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Health Department accused of coronavirus disinformation campaign

US Rep. Ilhan Omar (D-MN) (L) talks with Speaker of the House Nancy Pelosi (D-CA) during a rally with fellow Democrats before voting on H.R. 1, or the People Act, on the East Steps of the US Capitol on March 08, 2019 in Washington, DC. (AFP photo)
The British government has been accused of resorting to disinformation to hide its failings over the coronavirus crisis

On the day it was revealed there have been an additional 823 coronavirus-related deaths in British hospitals, the government has come under pressure to come clean about possible disinformation campaigns.

The controversy is centered on scores of allegedly fake Twitter accounts posing as National Health Service (NHS) workers supportive of the government’s coronavirus management strategy.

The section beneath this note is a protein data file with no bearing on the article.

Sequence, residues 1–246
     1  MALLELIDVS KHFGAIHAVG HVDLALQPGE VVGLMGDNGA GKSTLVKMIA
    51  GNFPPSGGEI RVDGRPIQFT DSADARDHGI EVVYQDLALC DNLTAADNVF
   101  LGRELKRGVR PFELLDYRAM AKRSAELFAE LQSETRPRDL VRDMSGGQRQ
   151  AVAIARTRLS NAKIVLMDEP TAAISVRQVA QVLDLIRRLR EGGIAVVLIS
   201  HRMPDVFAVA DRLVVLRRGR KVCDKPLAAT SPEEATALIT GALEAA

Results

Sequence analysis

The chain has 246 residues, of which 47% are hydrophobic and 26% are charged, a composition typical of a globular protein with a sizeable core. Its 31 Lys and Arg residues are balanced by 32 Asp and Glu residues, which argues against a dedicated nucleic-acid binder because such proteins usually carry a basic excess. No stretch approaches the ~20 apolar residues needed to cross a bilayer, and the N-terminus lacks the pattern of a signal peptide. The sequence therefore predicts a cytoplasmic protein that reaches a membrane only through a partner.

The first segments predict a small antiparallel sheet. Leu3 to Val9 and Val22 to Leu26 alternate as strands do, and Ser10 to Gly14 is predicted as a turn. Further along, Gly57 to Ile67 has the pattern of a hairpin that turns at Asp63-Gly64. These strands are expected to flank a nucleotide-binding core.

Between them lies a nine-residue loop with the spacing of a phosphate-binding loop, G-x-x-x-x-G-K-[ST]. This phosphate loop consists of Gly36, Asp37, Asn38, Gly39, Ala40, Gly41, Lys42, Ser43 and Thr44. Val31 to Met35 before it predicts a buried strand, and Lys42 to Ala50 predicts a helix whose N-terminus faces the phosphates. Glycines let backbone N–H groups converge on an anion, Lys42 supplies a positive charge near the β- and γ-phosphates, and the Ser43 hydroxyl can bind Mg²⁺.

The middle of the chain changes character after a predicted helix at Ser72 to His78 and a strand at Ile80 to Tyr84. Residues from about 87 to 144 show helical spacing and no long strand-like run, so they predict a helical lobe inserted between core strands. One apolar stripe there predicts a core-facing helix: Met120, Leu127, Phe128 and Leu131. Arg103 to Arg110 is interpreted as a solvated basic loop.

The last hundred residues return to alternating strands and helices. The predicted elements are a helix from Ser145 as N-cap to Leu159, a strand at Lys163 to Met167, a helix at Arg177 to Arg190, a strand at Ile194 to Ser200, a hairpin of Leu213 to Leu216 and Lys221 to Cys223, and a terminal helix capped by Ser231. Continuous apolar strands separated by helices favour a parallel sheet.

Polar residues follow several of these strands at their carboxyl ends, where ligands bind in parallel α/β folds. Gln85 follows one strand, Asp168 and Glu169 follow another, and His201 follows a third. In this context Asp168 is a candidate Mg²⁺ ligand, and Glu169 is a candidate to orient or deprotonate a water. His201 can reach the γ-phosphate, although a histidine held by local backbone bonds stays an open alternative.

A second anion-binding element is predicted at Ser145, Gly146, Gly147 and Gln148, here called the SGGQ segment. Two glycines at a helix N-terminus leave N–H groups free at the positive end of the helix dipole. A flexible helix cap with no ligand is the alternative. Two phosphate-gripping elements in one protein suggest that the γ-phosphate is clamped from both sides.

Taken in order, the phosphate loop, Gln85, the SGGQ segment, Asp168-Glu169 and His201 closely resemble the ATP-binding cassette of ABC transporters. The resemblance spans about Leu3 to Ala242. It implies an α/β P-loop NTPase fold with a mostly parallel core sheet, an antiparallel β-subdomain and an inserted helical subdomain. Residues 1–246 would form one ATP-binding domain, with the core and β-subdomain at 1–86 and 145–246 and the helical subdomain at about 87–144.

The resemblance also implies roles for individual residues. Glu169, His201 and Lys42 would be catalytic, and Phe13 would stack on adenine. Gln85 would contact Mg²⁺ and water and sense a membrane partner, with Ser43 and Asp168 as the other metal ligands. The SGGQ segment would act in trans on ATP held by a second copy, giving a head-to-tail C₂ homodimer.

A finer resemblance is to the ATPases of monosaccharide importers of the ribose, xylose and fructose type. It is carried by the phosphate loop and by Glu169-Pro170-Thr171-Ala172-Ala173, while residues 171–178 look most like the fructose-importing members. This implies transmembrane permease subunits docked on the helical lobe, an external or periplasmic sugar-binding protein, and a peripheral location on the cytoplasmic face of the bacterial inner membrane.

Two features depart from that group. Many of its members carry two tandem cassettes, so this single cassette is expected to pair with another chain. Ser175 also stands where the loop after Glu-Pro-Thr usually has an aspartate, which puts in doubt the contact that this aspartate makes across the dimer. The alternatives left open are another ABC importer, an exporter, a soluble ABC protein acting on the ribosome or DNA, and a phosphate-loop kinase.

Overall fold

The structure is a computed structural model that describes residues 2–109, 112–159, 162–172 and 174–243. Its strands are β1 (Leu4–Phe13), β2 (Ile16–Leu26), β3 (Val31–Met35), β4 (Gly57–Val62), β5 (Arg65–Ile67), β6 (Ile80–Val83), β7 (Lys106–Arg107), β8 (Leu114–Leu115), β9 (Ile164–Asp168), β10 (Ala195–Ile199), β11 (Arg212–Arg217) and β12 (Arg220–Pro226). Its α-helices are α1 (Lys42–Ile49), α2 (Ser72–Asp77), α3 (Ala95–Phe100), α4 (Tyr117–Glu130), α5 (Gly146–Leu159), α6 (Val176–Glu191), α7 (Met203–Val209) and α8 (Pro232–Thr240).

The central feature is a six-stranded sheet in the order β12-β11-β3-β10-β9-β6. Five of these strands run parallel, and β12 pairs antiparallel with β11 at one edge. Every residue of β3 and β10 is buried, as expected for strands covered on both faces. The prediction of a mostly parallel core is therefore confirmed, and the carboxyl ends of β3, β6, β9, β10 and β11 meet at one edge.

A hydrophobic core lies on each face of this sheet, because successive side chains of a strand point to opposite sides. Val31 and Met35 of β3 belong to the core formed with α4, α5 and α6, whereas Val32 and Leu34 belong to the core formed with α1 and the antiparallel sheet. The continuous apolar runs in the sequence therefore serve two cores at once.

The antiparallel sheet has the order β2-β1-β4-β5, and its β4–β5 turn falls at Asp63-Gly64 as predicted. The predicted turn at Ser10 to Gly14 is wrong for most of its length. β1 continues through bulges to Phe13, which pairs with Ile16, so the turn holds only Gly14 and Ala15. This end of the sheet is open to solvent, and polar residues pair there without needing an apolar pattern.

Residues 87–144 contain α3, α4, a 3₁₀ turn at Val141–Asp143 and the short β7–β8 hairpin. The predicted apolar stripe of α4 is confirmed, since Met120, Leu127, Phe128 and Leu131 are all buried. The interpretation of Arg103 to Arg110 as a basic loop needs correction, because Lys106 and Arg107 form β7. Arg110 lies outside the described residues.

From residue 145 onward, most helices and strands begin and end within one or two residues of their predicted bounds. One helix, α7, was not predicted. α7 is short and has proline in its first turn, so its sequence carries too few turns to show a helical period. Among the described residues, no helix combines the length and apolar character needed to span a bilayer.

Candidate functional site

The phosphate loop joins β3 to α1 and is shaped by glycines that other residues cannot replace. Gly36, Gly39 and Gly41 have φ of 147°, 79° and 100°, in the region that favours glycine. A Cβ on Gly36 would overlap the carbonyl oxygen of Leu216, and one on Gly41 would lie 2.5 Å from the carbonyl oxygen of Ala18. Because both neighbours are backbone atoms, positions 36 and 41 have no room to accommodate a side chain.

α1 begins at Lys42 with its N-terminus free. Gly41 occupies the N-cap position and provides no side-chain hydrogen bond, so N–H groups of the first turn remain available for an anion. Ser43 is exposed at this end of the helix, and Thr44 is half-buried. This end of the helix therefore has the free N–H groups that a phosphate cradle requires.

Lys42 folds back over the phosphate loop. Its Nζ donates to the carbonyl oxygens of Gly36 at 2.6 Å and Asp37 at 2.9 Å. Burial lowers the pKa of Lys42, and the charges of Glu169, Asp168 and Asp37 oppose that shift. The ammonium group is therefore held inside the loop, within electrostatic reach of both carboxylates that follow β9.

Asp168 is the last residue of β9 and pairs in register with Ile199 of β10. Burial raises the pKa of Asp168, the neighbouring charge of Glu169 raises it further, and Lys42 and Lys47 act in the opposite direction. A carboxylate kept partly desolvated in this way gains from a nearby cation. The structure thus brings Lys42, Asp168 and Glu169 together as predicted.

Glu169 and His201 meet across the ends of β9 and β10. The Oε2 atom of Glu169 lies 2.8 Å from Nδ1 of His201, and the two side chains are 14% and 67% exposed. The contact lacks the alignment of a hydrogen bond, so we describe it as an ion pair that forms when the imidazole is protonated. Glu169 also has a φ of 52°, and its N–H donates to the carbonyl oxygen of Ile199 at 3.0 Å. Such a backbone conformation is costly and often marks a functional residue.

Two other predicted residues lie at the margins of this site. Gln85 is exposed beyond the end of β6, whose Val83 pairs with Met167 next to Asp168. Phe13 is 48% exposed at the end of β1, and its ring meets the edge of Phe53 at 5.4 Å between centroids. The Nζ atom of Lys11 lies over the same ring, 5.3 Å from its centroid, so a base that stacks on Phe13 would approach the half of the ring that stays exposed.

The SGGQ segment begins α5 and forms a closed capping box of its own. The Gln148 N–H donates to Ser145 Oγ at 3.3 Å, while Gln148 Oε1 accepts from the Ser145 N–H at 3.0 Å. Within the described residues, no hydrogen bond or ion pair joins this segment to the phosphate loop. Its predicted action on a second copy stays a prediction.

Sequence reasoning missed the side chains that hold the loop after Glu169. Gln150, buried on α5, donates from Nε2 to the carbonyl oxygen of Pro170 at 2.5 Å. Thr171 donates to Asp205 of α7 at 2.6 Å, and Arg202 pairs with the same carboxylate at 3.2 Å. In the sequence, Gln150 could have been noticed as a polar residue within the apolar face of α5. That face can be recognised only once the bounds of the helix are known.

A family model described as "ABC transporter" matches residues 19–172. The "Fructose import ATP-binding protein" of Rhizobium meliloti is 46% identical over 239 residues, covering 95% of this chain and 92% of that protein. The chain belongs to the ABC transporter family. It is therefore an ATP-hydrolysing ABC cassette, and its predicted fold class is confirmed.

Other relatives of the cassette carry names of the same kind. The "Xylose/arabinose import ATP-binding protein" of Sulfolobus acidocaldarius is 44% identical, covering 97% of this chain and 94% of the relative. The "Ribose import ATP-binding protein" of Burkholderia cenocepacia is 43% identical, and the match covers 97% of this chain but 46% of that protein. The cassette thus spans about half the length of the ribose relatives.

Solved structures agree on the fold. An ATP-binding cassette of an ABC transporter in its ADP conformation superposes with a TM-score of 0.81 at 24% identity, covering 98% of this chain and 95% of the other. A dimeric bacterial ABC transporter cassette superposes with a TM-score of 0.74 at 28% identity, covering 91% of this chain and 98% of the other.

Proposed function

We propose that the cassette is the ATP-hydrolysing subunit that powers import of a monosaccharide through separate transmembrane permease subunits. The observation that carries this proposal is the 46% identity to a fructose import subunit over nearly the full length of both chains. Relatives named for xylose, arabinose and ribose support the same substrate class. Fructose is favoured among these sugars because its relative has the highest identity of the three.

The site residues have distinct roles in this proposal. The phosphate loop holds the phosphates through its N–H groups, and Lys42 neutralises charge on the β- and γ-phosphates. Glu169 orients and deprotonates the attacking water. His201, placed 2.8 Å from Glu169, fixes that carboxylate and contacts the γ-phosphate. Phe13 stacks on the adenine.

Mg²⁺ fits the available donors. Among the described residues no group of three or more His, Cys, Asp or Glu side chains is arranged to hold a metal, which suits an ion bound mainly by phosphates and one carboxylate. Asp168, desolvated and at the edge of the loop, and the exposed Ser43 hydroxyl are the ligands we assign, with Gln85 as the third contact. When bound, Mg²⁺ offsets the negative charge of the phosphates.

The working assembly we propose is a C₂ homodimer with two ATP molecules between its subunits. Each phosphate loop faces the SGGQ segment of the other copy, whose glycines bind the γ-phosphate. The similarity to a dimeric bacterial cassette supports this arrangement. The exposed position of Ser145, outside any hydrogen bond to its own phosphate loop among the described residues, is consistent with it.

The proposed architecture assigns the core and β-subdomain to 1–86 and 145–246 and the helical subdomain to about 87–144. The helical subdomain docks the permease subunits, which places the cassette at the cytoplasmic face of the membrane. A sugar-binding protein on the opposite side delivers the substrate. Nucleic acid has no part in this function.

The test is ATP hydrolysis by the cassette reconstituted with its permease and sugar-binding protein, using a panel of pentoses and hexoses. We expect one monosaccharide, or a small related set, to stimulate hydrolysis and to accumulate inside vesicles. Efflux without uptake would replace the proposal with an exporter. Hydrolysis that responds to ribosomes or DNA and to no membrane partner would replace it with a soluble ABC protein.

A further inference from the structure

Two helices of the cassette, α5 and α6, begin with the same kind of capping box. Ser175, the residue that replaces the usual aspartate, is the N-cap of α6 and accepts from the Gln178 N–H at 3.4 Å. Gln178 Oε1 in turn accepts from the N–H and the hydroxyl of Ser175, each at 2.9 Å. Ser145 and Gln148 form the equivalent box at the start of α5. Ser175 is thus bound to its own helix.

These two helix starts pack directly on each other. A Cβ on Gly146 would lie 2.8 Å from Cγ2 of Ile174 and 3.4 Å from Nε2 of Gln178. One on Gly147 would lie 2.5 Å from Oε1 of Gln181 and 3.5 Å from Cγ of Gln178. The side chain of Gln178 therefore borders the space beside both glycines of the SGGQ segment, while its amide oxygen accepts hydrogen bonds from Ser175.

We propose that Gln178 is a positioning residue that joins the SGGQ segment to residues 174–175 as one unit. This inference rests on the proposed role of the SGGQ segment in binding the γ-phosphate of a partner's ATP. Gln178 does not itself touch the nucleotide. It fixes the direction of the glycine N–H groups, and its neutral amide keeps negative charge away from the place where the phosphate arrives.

The Department of Health and Social Care (DHSC) has been widely accused on social media of operating a network of fake accounts pretending to be NHS workers supportive of government policy.

The professional coordinated campaign was first discovered by Twitter user John O’Connell on April 20 who claimed he had identified “128 fake NHS accounts”.

O’Connel claims the fake accounts use the names of real NHS staff in order to lend a fraudulent veneer of credibility to their disinformation campaign.

For its part the government has denied it is behind the coordinated network of fake accounts.

 But the government’s denials are widely disbelieved on social media where veteran activists have pointed to the professional and well coordinated nature of the campaign to argue that government agencies are behind it.

Another reason the government will struggle to shrug of the accusations is the now established fact that the DHSC has been consistently under-reporting the UK’s coronavirus death toll.

A report by the Office for National Statistics states that the total number of COVID-19 deaths in England and Wales is 41 percent higher than the official death toll released by the DHSC.



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